Allow me to give you an Earth Day gift I’ve been trying to wrap up ever since I studied under an eminent Thoreau scholar who, in his first lecture, handed it to me—by saying:

“For Thoreau, nature was a symbol.”

“A symbol of what?” I blurted, admittedly interrupting but…come on: a symbol?

“Of God, of course,” he replied, smiling scrutinously; “What did you think?”

“Well, I’m not sure, but if he wanted to write about God, why didn’t he just write about God and leave nature alone? Seems like ….”

“It’s pleasing to know,” he interjected, “some of us will learn something this semester.”

That was it; he returned to his lecture.

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I asked the question because I hoped to use my grad-school time at UConn to learn about nature; and if America’s greatest nature writer didn’t write about nature except as a symbol of God, then how was I going to learn about it?

Answer: First, I got elected as an inland wetlands commissioner for the town of Chaplin, CT, a position that compelled me to study ecology, environmental history, law and politics. Second, I taught environmental history and philosophy for a full year with a grad student from the Ecology and Evolutionary Dept. Through these educations, I learned what nature is according to science, law and politics.

I also learned of the abyss between Thoreau’s definition of nature as spirited and science’s definition of nature as a quantifiable, predictable & manipulatable subject. My teaching collaborator, Ricardo Rozzi, cultivated an extensive knowledge of evolutionary theory, conservation biology, and of Darwin’s journals, especially those written while Darwin was on the Beagle exploring the Cape Horn region that is now part of Chile. Reading Darwin after Thoreau was a revelation, because Darwin was trained to view nature as a symbol of God (he’d considered becoming a priest), but his career as a scientist caused to abandon that theological view. His abandonment epitomizes the split between theological and scientific definitions of nature. As a commissioner I was not empowered to use theology to evaluate impacts proposed impacts upon wetlands; objections to impacts had to be grounded in science, and in law. And when I hung out with ecology grad students and professors the theological definition of nature was acknowledged but avoided, so for it had long been wrung out of academic science. That isn’t to say these folks didn’t harbor spiritual connections to nature; it is to say that the language and worldview of their discipline did not harbor it. When they did their sciencey work, theirs was a mechanical nature, not symbol of God or the living luscious flesh of Venus.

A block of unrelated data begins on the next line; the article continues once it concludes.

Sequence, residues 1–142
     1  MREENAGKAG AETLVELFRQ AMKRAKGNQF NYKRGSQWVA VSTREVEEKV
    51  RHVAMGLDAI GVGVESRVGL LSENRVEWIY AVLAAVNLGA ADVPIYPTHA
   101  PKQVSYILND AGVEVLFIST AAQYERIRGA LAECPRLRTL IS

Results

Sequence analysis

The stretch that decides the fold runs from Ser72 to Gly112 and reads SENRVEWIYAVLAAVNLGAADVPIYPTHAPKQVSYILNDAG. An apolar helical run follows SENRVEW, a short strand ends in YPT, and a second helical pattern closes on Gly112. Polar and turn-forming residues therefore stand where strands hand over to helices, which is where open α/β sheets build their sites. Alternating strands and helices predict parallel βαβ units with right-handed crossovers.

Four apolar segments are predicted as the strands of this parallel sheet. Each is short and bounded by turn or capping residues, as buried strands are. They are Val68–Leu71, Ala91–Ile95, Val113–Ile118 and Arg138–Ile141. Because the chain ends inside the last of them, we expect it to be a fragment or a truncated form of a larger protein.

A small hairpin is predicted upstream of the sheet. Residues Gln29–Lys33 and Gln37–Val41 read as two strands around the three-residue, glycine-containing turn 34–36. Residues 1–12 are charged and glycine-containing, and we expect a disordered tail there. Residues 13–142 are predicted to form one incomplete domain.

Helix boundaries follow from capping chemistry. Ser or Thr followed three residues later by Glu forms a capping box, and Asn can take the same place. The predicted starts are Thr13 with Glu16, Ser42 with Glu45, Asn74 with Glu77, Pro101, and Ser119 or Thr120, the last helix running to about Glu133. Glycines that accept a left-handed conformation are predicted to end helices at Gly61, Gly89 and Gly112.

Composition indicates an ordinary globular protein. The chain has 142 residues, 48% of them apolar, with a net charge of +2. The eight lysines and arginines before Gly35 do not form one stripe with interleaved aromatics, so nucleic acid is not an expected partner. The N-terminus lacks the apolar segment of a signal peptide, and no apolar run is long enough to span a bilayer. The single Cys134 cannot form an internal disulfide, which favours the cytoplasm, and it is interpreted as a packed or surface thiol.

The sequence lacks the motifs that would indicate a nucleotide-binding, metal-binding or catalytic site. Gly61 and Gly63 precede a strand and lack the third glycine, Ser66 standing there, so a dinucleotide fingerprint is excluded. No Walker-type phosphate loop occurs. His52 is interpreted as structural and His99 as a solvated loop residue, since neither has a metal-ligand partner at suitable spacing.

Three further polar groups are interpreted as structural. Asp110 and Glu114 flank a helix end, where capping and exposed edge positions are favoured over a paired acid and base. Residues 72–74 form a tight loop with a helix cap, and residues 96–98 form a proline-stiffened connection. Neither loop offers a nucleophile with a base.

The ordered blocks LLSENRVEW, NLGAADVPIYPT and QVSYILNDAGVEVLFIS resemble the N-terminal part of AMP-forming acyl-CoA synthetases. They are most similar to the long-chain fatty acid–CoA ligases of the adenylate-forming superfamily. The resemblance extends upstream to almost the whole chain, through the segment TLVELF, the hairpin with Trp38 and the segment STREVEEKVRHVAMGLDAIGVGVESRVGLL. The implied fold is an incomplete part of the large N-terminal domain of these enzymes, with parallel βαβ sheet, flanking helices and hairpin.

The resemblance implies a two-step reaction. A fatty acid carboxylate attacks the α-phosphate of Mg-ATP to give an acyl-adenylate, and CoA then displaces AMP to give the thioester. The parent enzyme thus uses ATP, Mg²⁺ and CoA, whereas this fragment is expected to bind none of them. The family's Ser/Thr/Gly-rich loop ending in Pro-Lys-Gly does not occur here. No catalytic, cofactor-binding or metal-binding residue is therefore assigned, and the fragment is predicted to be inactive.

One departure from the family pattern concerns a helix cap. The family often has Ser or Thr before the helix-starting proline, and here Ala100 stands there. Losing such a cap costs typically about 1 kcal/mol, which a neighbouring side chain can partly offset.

sacred camphor tree nara
sacred camphor tree
Nara, Japan

Our law and our science do not recognize the spiritual reality of nature, and our lawyers and scientists—& everybody—are “free” to ignore the bio-ethics and behaviors that attends such recognition. The gift I give now, recognizes it.

Nature is that which gives birth; and what the word denotes—the permanent birthing process of the present moment that is sacred b/c we are alive in it—is actually beyond the ability of our language to express. Our minds cannot comprehend all of nature, and because we can’t comprehend it, “nature” remains mythological. Every culture has a mythology that explains, as best it can, the permanent birthing process of the present moment.